PAUSE & REFLECT: It is easy, relatively speaking, to begin practicing disciplines personally. Introducing them to others is more difficult. What objections, if any, do you feel those you lead might have to some of the spiritual disciplines above?
Now, when a group of people begins to practice the same spiritual disciplines on their own and then practices them as part of their leadership meetings, you begin to set the stage for corporate discernment, which is what we’re really after here. This means that—and we don’t have time to delve into this—each person at a table of leadership is committed to personal discernment first, and this becomes a criteria for choosing leaders!
But as we all know, this is not the criteria for who sits at tables of power and influence in your church. And therefore, the culture of your leadership teams is probably not currently conducive for discernment as a group. Like we have all been enculturated by our educational systems to read a certain way, we have also been enculturated by our churches to run board meetings a certain way.
If you want to lead where the Spirit is moving as a church, the local board of administration is where it starts. Depending on how big your church is, you may have other leadership teams set up. For instance, at North Branch we have an adult spiritual formation team, a mission team, and a kid’s ministry team that I lead. Our youth director leads our youth team. These then all are able to make recommendations to our board for consideration. So you might find yourself in a pastoral position where you lead a team like this, and maybe you don’t have influence over how the board functions. That’s okay. Work where you are placed.
Wherever you’re at, take notice of the values and practices, the language and ways in which decisions are made. All of these combine together in the culture of your group. It is very easy for an outsider to identify these patterns, whereas insiders are so used to them that they have forgotten there are other ways of doing things.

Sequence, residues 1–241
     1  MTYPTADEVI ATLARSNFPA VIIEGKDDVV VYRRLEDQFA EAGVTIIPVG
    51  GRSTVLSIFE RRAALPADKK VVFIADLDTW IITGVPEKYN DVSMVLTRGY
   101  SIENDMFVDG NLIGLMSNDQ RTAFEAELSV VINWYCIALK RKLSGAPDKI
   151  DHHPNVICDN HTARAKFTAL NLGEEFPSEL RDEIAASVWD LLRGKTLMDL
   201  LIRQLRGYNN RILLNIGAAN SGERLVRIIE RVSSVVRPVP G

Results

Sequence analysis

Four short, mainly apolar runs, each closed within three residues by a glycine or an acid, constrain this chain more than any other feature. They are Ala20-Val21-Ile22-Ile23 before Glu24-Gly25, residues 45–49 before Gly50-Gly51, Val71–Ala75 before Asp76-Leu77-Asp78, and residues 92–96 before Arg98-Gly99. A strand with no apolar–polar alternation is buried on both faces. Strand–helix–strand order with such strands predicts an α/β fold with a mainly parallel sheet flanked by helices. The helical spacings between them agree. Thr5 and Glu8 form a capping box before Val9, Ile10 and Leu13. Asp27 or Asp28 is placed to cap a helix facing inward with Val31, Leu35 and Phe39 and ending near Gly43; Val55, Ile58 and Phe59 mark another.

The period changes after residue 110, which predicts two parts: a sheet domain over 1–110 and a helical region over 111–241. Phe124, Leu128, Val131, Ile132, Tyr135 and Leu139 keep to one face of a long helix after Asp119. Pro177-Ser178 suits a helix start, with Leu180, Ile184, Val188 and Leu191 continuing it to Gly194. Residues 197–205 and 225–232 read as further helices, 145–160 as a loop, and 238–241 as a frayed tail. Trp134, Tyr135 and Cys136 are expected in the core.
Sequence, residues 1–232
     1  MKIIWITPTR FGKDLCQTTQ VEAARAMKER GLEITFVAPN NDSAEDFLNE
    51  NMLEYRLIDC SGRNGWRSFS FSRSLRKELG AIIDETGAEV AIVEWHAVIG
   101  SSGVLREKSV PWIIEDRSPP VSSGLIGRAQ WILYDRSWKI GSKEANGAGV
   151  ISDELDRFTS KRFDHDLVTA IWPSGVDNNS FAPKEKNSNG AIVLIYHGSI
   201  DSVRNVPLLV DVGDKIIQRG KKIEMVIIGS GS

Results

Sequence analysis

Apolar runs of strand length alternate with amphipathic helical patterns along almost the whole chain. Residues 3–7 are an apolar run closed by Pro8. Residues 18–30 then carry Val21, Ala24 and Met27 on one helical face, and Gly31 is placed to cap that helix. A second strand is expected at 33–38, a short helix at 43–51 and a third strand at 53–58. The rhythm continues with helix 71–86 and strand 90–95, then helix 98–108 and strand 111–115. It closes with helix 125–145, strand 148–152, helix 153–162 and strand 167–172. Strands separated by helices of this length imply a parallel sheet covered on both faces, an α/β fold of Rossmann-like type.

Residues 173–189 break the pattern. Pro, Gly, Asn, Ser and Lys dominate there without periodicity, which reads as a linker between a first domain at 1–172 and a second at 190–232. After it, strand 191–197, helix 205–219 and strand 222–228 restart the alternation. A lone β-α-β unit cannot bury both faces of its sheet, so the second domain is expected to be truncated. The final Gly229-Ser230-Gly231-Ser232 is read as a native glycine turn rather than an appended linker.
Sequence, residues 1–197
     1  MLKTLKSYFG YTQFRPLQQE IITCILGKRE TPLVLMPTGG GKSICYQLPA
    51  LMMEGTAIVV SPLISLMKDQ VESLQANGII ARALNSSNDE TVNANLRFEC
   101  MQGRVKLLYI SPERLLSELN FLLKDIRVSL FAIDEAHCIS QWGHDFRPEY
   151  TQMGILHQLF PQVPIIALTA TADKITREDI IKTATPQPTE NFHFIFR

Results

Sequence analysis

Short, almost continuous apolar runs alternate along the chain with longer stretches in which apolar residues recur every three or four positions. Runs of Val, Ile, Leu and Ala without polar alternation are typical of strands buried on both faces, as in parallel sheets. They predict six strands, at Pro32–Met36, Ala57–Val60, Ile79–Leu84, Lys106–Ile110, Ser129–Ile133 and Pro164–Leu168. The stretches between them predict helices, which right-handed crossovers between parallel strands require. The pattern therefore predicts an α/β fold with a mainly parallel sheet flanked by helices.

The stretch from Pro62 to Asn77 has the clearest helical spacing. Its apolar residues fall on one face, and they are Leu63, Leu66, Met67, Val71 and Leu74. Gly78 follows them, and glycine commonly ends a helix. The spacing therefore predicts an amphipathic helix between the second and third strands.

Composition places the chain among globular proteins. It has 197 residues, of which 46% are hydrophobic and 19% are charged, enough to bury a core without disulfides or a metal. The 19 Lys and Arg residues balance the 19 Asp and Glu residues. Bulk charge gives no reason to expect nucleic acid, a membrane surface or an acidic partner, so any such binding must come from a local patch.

You can ask questions like,
- How is the organizational culture shaping me and all others who work and worship here?
- Are we being transformed into people given over to the process of discerning and doing the will of God? Or are we being deformed by unhealthy organizational systems?
- Is discernment possible in the current environment, or is there something about the group dynamics that prevents it?
Potential Pitfall: Misusing God’s Name
Now if we’re not practicing discernment, what are we doing?
Earlier, I mentioned being in a board situation that went awry. You can probably name times when you’ve felt like decisions have been made in the wrong way.
Exodus 20:7 is the third commandment. It says, “You shall not misuse the name of the Lord your God, for the Lord will not hold anyone guiltless who misuses his name.” We teach this verse to our children and tell them not to use God’s name as a curse word. I don’t think that that sin was bad enough for God to let it make the top 10 list. “No other gods before me, don’t make an image since you are the image of God, and don’t yell out ‘Yahweh’ when you’re angry. Yep, sounds good.” That’s not the conversation among the Trinity in heaven prior to meeting with Moses on Mount Sinai.
The name is equivalent to the identity of the god in the Ancient Near East. To use a god’s name in any way meant that you were familiar enough with his or her character to know when to invoke it. Misusing God’s name in that culture meant commandeering your god for your own purposes. It was similar to identity theft today, where someone takes your credit card and makes illegal purchases. People were to recognize Yahweh’s power by refraining from attempts to control it or use it for their own means.